Castro welcomed the installation of the Russian missiles as an opportunity to stick it to the Yanquis.
A survey team, led by Marshal Sergei Biryuzov, chief of the Soviet Rocket Forces, visited Cuba prior to the deployments. Upon his return, Biryuzov assured Khrushchev that the missiles would be concealed and camouflaged by the palm trees.
Khrushchev believed him.
The force proposed for Cuba included 24 MRBM launchers and 16 IRBM launchers.
There were two missiles (one as a spare) and one nuclear warhead for each launcher.
There would also be four combat regiments, 24 SA-2 batteries, 42 MiG-21 interceptors, and 42 Il-28 bombers.
The ships began moving from the Black Sea in the middle of July. The first MRBMs arrived at the Cuban port of Mariel aboard Poltava on Sept. 15.
“Soon, hell will break loose,” Khrushchev told an aide at the end of September.
The state of the art in aerial photo intelligence was the Lockheed U-2.
Reconnaissance satellites were coming along, but the technology was not yet fully mature.
The U-2 was developed in the 1950s by the fabled Lockheed Skunk Works under the direction of the equally fabled Clarence L. “Kelly” Johnson. The prime customer was the CIA, but the Air Force was also offered a share of the program.
At first, according to a declassified CIA history of the U-2, Gen. Curtis E. LeMay, commander in chief of Strategic Air Command, said that “if he wanted high-altitude photographs, he would put cameras in his B-36 bombers and added that he was not interested in a plane that had no wheels or guns.”
The Air Force bought some U-2s anyway. They were assigned to SAC’s 4080th Bomb Wing at Laughlin Air Force Base, near Del Rio, Tex. The aircraft began arriving in June 1957. Mostly, the Air Force U-2 pilots flew missions around the Soviet periphery and in the Far East.
The U-2 was built to go high and far. The wingspan was 80 feet, almost twice the length of the body of the aircraft, which was not quite 50 feet. It flew at 72,500 feet, more than 13 miles high.
To get range, altitude, and endurance, the Skunk Works had traded off everything else. The U-2 was not very fast. Cruise speed was 460 mph.
“One unusual design feature was the tail assembly, which—to save weight—was attached to the main body with just three tension bolts,” the CIA history said. “The wings were also unique. Unlike conventional aircraft, whose main wing spar passes through the fuselage to give the wings continuity and strength, the U-2 had two separate wing panels, which were attached to the fuselage sides with tension bolts.
“The fragility of the wings and tail section, which were only bolted to the fuselage, forced Kelly Johnson to look for a way to protect the aircraft from gusts of wind at altitudes below 35,000 feet, which otherwise might cause the aircraft to disintegrate.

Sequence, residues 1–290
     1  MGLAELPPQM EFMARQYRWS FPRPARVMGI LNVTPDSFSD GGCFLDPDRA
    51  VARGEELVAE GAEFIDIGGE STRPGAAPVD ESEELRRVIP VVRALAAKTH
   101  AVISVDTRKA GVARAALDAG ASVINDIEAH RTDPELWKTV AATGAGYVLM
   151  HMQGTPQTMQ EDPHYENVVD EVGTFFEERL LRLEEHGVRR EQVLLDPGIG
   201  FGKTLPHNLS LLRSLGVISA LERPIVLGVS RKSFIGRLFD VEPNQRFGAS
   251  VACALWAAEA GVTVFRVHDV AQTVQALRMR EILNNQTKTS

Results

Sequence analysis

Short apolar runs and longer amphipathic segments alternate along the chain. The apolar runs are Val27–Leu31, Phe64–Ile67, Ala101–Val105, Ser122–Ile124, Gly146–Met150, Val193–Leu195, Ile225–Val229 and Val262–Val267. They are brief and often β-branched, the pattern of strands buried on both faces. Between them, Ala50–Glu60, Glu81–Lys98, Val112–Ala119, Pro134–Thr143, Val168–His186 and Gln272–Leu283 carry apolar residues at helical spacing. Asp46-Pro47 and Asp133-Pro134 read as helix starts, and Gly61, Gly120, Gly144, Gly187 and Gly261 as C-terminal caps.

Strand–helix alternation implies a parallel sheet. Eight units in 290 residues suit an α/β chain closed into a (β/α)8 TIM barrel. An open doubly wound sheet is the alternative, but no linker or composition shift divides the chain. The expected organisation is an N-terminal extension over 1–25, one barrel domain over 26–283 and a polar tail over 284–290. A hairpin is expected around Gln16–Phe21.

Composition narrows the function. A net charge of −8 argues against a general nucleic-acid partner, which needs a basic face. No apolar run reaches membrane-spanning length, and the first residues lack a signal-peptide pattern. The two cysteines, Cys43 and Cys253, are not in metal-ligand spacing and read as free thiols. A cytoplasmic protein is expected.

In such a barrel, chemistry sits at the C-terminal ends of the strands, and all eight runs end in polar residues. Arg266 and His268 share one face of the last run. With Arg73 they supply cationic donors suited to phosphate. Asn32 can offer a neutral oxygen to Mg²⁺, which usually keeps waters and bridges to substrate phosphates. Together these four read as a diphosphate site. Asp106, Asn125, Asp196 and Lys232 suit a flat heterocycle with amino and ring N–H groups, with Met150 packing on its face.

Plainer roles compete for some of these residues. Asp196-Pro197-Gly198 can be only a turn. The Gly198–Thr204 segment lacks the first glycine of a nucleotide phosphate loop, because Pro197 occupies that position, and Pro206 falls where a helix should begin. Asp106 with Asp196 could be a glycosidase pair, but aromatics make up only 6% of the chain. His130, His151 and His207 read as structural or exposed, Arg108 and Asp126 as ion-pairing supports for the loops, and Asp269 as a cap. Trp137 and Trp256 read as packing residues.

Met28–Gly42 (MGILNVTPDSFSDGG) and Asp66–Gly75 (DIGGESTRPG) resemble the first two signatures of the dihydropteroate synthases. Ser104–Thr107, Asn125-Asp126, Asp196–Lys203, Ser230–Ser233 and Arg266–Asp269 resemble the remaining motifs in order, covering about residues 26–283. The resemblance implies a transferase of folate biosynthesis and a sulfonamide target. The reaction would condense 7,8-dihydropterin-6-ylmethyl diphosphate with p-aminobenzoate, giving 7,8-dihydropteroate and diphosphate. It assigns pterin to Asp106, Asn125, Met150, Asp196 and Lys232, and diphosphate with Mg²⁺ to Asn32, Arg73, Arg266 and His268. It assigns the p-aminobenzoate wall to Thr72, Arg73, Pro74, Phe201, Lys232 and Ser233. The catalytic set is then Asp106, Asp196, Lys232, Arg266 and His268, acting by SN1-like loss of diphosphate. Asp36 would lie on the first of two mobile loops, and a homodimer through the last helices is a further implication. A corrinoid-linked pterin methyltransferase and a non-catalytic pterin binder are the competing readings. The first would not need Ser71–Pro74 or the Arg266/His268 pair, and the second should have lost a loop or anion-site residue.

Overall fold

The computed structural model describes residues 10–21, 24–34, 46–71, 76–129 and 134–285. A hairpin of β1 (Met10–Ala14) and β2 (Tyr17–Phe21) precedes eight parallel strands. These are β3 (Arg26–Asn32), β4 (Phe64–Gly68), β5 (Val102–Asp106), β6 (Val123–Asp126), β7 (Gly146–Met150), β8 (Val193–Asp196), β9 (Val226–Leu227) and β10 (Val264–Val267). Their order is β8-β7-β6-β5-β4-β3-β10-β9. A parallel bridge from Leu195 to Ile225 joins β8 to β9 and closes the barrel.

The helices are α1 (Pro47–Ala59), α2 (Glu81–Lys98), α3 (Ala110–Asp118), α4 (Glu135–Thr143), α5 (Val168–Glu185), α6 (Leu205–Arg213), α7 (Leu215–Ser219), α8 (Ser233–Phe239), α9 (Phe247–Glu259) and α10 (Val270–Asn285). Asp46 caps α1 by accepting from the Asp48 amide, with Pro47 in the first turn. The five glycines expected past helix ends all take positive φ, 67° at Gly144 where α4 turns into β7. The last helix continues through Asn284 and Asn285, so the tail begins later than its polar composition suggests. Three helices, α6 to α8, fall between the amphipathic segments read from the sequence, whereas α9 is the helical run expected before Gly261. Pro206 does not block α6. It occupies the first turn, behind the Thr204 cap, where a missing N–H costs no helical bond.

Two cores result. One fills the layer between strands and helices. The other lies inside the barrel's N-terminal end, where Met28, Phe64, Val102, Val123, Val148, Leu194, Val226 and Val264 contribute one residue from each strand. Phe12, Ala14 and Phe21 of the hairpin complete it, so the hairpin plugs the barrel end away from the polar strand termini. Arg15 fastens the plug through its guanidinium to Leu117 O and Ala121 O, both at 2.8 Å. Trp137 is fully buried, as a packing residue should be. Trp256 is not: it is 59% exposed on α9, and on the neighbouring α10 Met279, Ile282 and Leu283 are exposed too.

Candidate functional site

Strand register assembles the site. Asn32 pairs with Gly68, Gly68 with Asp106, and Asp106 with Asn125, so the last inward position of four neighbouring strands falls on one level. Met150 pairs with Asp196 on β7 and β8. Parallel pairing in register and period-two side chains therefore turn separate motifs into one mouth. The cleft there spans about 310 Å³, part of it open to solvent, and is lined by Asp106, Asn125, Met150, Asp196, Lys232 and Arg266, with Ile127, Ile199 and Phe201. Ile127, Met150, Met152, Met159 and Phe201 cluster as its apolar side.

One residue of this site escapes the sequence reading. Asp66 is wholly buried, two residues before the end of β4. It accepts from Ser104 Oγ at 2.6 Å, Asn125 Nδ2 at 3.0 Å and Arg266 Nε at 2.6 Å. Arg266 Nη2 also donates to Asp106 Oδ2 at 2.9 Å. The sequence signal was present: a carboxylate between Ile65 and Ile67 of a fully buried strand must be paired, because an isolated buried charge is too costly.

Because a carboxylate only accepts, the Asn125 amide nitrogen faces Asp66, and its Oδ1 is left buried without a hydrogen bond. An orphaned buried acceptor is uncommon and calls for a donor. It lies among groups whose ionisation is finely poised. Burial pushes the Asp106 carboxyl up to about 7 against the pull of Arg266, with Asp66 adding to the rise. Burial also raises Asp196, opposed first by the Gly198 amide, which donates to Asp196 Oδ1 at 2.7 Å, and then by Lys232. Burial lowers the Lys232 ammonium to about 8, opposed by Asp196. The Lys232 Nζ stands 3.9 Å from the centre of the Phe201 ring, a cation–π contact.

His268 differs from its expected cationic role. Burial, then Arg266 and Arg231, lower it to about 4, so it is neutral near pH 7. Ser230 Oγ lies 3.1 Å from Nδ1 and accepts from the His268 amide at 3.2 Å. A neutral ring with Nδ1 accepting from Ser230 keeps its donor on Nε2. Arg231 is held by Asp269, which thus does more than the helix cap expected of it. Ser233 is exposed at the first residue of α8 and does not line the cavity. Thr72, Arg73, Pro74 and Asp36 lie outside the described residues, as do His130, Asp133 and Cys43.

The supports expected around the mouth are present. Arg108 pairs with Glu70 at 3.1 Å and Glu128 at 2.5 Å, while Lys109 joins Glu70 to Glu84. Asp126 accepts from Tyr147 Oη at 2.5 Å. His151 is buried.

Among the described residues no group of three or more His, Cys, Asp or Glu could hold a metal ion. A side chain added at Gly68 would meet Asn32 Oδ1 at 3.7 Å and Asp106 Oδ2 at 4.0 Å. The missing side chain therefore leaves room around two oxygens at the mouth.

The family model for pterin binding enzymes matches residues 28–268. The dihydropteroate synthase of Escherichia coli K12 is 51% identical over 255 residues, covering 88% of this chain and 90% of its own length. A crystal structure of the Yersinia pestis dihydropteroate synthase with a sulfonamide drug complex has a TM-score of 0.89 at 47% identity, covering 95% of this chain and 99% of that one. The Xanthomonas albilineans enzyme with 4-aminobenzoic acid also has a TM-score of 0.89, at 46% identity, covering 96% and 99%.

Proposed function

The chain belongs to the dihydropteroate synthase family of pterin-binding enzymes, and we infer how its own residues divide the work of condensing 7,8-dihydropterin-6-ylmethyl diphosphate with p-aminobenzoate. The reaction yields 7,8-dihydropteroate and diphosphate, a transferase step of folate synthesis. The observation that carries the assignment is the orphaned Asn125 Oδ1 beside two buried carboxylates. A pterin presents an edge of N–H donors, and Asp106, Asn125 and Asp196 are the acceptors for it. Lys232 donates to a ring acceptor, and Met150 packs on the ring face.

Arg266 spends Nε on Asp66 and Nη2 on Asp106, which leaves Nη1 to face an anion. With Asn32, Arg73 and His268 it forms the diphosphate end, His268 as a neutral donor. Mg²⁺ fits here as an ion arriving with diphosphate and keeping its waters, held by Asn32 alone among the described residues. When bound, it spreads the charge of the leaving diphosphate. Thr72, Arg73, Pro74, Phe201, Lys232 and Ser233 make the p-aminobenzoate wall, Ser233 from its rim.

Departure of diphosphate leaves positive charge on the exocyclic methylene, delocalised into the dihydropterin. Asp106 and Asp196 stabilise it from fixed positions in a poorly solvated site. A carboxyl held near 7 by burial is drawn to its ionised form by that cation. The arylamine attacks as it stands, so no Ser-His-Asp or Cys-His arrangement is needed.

… The U-2 remained a very fragile aircraft that required great skill and concentration from its pilots.”
Flying the U-2 at altitude also demanded precision.
“The air was so thin it could barely support the weight of the plane, and the difference between maximum and minimum speeds was a scant six knots (seven mph),” a Washington Post reporter wrote after interviewing Air Force pilot Heyser.
“If he flew too fast, the fragile [aircraft] would fall apart. If he flew too slow, the engine would stall, and he would nose-dive.”
At the end of each wing of the U-2 was a “pogo,” an outrigger with a wheel on it, to keep the wingtips from dragging on takeoff. When the aircraft broke ground, the pogos dropped away. The wingtips had skids for landing.
USAF Takes the Flights
The U-2 cameras carried 5,000 feet of film. Had it all been spooled on the same side of the camera, the weight of the film—about 300 pounds—would have thrown the airplane out of balance. Thus the film was divided into two strips, each nine inches wide, feeding from opposite directions. It would be recombined in the laboratory to produce images 18 inches square.
Each U-2 mission took about 4,000 pictures.
The U-2’s free run of crossing Soviet territory came to an end on May 1, 1960, when CIA pilot Francis Gary Powers, flying out of Pakistan, was shot down over Sverdlovsk by a Russian SA-2 SAM and captured.
There was great political uproar, both in the United States and abroad. President Eisenhower, who had detailed knowledge of the overflights and who approved the missions, denied his involvement and canceled the overflights of Russia.
The CIA U-2s continued to fly other reconnaissance missions, including the semimonthly passes over Cuba in the summer of 1962. At that point, two events, neither of them the doing of the CIA, intervened.
On Aug. 30, a SAC U-2 on a mission unrelated to Cuba overflew Sakhalin Island in the Far East by mistake. The Soviets protested and the US apologized. On Sept. 9, a Taiwanese U-2 was lost, probably to a SAM, over western China. Taiwan had bought its own U-2s from Lockheed.
Secretary of State Dean Rusk and National Security Advisor McGeorge Bundy became concerned that one of the SAMs in Cuba might shoot down a U-2, setting off an international controversy. So—just as the missile shipments were approaching port in Cuba—the U-2 missions stopped. There were no overflights from Sept. 5 to Oct. 14, although the CIA was allowed to fly peripheral runs, taking pictures from slant range, 15 miles offshore.